By Judi Markowitz / Detroit
Oak Parkers are in a league of their own. I’m talking about those who attended Oak Park High School from 1967 to 1970–the Baby Boomers. We may not see each other for years, but when attending a high school reunion or meeting up after a long lapse in time, the world stands still, and we connect. It’s special, it’s powerful and many relationships have weathered the test of time. I know these facts to be true — I grew up in Oak Park, Mich.
Oak Park High School was a pinnacle of education during these years. The school nurtured its students and produced many professionals in the fields of law, medicine, business, education, music and, of course, the arts. One of these success stories is Todd Weinstein, a photographer, who represents the best of this generation. He was raised in Oak Park.
I recently attended an exhibit of Todd’s work at the Janice Charach Gallery in West Bloomfield, Mich. “Stories of Influence In Search of One’s Own Voice” is a 50-year retrospective celebrating mentors and influences that have shaped Todd’s career. His exhibit, which will be traveling soon, is a salute and an expression of gratitude to those who helped mold his vocation — and there were many. Stay tuned—more about that later.
Music took hold of Todd’s life when he was a teenager. He became a roadie for the bands Everlon Nevermore, the Shy Guys, and Saint Hammer. In addition, Todd’s father operated a nonalcoholic teenage nightclub called The Mummp. Bob Seger, Mitch Ryder and the Detroit Wheels, Stoney and the Jagged Edge, the Shy Guys, Scott Richards Case, along with other well-known bands performed there. At age 15 Todd oversaw the light shows and his interest in the arts was heightened.
But in 1968, the year before Todd was to graduate high school, he had different ideas about formal education. When he turned 16 and qualified for his driver’s license, instead of heading down Oak Park Boulevard to school, his car was headed to Detroit — Plum Street, to be exact. This is where the musicians, artists, and poets hung out. Poet and political activist John Sinclair was on the scene and Todd felt part of that vibe.
However, when his absences from school started to rack up, Todd’s counselor, Mr. Waite, called him into his office. He bluntly explained that if Todd stayed the course with missing so much school, graduation would be a lost cause. Being young, Todd insisted that Plum Street was a valuable education, and school was boring. His counselor wasn’t having it. Using some persuasion, Mr. Waite suggested that he enroll in a photography class. Todd was hesitant but agreed. It was history in the making, but Todd didn’t know it yet.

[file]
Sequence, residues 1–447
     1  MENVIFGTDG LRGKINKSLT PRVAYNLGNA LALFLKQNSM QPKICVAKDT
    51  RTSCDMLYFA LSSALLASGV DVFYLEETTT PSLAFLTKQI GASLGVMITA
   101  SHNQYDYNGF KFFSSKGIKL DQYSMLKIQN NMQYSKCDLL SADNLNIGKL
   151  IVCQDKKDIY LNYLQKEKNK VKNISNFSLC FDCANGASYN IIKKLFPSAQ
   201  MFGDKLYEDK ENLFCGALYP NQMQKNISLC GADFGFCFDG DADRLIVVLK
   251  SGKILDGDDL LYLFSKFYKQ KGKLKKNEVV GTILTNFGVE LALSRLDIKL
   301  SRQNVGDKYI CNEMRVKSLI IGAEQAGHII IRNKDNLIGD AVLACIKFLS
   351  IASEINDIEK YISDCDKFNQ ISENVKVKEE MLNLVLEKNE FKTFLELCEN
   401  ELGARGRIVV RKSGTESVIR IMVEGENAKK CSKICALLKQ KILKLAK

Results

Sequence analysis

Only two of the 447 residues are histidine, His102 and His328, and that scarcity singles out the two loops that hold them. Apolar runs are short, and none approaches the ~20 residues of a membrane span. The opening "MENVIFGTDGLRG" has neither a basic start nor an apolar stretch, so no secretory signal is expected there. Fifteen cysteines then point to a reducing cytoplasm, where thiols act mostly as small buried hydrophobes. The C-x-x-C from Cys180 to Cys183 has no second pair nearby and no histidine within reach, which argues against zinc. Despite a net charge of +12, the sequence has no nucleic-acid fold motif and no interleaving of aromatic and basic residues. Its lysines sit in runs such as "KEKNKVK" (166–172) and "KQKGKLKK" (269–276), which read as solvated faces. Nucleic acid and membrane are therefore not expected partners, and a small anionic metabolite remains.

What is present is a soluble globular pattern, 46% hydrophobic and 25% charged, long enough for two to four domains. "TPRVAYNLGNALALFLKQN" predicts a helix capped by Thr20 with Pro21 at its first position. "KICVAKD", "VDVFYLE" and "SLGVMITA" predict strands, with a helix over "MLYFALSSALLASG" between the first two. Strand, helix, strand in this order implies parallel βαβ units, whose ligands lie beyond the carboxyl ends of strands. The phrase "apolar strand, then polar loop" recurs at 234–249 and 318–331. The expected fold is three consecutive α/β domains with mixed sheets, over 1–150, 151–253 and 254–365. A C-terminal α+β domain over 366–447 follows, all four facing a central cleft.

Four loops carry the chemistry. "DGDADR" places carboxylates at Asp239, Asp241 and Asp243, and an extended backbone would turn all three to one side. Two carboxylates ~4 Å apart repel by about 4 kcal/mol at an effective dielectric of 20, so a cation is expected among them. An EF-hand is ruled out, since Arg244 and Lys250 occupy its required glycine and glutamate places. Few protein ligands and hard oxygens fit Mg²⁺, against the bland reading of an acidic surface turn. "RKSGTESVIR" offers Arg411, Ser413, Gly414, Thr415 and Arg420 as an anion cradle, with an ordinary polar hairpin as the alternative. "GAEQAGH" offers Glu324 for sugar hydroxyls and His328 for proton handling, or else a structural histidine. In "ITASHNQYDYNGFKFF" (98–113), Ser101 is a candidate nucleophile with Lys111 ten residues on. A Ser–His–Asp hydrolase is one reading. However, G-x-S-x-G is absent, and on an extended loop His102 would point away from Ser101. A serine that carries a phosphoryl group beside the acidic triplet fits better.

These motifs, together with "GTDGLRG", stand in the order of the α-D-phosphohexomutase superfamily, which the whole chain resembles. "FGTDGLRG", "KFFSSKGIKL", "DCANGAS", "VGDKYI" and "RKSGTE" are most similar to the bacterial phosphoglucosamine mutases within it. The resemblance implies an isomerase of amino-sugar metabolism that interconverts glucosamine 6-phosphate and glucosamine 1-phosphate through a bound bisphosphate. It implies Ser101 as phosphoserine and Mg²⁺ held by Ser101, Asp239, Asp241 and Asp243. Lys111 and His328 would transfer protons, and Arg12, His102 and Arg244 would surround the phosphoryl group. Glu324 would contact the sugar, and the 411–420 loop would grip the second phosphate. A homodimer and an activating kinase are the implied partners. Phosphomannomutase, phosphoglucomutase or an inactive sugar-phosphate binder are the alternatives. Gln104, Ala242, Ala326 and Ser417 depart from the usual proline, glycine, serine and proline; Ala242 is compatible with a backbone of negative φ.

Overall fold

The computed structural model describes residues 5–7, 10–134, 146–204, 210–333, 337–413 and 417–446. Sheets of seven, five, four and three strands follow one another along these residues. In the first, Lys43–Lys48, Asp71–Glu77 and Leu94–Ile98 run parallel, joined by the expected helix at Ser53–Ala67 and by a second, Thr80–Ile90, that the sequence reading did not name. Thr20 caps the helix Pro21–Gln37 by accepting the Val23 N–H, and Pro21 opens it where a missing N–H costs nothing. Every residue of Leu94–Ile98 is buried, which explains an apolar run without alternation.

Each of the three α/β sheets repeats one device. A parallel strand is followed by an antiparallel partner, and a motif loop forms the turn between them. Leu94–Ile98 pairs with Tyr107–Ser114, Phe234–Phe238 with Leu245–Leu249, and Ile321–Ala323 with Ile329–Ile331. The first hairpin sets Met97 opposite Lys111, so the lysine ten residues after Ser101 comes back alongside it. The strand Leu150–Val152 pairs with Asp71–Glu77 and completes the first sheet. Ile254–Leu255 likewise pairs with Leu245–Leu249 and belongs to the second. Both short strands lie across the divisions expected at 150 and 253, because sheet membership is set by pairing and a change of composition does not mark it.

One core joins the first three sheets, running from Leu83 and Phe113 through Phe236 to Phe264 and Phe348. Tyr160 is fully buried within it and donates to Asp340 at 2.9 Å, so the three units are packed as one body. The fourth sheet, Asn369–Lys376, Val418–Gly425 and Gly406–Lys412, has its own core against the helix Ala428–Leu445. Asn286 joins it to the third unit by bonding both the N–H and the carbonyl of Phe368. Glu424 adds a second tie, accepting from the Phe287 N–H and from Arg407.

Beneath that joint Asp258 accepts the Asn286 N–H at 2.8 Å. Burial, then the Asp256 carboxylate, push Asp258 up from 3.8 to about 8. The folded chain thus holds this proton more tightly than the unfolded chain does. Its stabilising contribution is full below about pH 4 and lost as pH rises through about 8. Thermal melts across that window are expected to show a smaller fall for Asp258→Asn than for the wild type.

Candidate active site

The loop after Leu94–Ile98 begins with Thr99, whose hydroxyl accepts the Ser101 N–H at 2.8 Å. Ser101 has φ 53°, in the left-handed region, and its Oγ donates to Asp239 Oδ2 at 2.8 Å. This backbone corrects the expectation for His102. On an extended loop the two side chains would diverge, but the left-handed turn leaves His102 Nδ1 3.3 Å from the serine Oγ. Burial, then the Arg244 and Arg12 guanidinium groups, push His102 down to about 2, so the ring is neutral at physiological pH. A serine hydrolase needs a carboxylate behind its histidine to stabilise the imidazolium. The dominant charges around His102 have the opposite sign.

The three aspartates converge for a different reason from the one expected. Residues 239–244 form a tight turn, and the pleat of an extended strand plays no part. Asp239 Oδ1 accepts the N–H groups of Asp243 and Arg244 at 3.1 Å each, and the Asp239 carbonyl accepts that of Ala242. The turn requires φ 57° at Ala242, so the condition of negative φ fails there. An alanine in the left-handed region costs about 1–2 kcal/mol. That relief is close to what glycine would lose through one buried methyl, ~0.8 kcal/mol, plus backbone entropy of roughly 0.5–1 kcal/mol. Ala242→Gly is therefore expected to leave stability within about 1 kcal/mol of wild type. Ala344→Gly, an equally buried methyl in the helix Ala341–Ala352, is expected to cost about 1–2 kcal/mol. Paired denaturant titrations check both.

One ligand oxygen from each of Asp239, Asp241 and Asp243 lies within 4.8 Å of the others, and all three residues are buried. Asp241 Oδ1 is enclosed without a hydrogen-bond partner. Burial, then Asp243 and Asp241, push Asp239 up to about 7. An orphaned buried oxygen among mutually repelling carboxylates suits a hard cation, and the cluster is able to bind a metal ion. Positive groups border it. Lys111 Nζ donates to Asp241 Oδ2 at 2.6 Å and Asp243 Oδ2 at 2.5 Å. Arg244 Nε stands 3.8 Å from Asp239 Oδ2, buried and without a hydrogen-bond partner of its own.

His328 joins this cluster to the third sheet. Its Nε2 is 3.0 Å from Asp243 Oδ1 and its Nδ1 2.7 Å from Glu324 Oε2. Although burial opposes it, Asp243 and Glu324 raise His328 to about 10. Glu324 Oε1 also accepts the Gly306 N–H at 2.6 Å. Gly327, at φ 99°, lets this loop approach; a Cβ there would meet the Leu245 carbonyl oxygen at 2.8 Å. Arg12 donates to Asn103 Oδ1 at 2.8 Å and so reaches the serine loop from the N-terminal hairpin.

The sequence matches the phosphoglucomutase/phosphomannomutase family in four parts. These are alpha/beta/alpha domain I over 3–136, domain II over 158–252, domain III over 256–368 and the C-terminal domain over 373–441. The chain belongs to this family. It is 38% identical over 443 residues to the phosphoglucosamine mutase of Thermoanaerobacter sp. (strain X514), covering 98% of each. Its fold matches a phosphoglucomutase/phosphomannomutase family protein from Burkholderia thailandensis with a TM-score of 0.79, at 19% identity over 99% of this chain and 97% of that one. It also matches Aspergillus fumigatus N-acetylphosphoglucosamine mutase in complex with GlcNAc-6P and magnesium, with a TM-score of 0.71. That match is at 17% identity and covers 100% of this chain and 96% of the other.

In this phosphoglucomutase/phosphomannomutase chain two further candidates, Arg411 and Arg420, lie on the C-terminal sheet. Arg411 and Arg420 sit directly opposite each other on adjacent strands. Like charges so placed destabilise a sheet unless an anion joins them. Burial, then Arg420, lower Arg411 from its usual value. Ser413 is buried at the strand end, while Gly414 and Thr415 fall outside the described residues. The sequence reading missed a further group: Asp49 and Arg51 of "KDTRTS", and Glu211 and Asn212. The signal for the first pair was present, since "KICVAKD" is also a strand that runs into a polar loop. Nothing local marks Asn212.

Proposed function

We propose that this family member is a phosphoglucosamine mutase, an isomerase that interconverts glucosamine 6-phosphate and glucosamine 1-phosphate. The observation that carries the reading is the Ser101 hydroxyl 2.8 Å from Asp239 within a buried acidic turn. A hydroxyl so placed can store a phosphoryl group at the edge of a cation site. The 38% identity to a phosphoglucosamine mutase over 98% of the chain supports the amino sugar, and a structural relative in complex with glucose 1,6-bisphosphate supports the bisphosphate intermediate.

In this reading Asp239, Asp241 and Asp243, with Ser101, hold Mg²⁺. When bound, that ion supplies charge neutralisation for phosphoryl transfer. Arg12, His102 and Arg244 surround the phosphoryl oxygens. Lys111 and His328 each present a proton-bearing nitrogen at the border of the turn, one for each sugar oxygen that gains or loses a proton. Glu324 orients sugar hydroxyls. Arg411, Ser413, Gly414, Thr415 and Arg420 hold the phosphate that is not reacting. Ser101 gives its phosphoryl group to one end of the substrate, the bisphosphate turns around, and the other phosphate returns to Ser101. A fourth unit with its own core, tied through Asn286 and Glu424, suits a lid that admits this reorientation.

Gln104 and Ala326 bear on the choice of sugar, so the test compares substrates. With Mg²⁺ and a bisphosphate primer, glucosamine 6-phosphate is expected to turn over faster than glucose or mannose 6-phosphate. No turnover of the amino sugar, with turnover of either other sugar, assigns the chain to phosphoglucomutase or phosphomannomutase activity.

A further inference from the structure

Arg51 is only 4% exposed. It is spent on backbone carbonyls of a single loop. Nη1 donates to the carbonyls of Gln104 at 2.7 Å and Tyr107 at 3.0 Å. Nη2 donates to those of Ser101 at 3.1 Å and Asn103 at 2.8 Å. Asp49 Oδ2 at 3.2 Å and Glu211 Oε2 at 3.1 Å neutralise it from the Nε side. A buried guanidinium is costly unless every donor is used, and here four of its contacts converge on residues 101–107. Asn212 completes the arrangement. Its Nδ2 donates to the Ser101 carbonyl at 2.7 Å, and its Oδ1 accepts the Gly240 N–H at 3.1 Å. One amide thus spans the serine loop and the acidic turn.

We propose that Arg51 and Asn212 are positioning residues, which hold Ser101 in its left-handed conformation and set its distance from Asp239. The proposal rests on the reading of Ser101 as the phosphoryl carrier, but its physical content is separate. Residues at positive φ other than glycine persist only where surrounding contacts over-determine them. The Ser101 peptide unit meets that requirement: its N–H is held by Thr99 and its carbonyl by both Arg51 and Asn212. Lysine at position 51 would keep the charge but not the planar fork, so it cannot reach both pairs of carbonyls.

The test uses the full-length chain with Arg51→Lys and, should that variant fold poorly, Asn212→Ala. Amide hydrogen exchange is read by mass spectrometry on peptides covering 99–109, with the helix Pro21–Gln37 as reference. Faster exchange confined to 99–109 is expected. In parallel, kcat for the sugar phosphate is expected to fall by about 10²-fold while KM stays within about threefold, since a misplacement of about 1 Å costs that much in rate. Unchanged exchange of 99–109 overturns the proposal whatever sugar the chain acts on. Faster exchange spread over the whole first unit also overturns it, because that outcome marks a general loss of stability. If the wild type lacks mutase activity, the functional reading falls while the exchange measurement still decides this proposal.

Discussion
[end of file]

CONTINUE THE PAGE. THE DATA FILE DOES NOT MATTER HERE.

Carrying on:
The photography teacher was young, only a few years older than Todd. Miss K. had a master’s degree and knew how to engage and connect with her students. There was a negative left in the dark room sink that no one claimed. Miss K. wanted Todd to finish the work. From a negative to a photograph, this endeavor earned Todd a Junior Scholastic Award. Todd then took the next step and began taking pictures for the school yearbook. It was the springboard to his future.
After graduation, Todd attended the Center for Creative Studies in Detroit. In 1969, Todd and a group of other students who became Todd’s mentors–Larry Malkus, George Gruel, and David Griffith–organized “Ten Eyes in Washington,” which documented protests of the Viet Nam War and featured 15 of Todd’s photographs. It premiered at The Detroit Library in 1970 with the curatorial assistance of Dorothy Mante.
Todd moved on to Creem, a music magazine, and became its photographer. A high point came when Todd and the art director, Charlie Auringer, photographed Mick Jagger at a concert. Todd also photographed Grand Funk Railroad for Creem’s cover. Then another job opened, and Todd began to work in a color lab in downtown Detroit. He moved on to the studio of Dick James, a renowned photographer. Todd refers to James as “a super photographer,” and says that James gave him the confidence he needed early on in his career. James shared his knowledge with Todd about being a professional photographer and stressed that a person must bring their best efforts to the project at hand.
Todd’s passion took him to New York in 1970. With few resources and big dreams, he slowly connected with the people who would mold his career. The path wasn’t laid out, it wasn’t straight and there were many detours along the way. Todd took on odd jobs just for the opportunity to meet the right people in the photography profession.
But Todd still needed to supplement his income, so he worked at night at the West Village Gaslight Cafe. Here, Denny Brown, a native Detroiter, and the manager of the folk music club, became a mentor to Todd. Denny, along with Owain Phyfe, influenced Todd with their music. These experiences led to his first photography assistant position with Mel Dixon. He worked on special projects, learning how to work in a studio setting. This was the perfect match for Todd.
While working with Mel Dixon, Todd met Harvey Lloyd. After showing his portfolio to Lloyd, Todd was hired with the stipulation of only being paid when there were assignments scheduled. The remainder of his time would be spent studying the works of Alexey Brodovitch while listening to his tapes from The Design Laboratory. Here Todd learned about multi-media sight and sound image making.
At this time Lloyd was given a huge commission in Europe for TWA and took his young assistant along for an experience of a lifetime. When Todd was 20, he traveled to England, Greece, Spain, Italy, France and Portugal. He kept track of the hundreds of rolls of film and learned production on the job.
Then another break came when Todd was introduced to Ernst Haas in the 1970’s. Haas was an Austrian-born photojournalist and a pioneer of color photography at a time when it was considered inferior to black and white photography. Todd worked as his assistant for 14 years. Ernst photographed the natural elements in society and Todd found a kindred spirit in style. Their relationship grew throughout the years. Todd helped Haas with his photographic workshops and commercial assignments.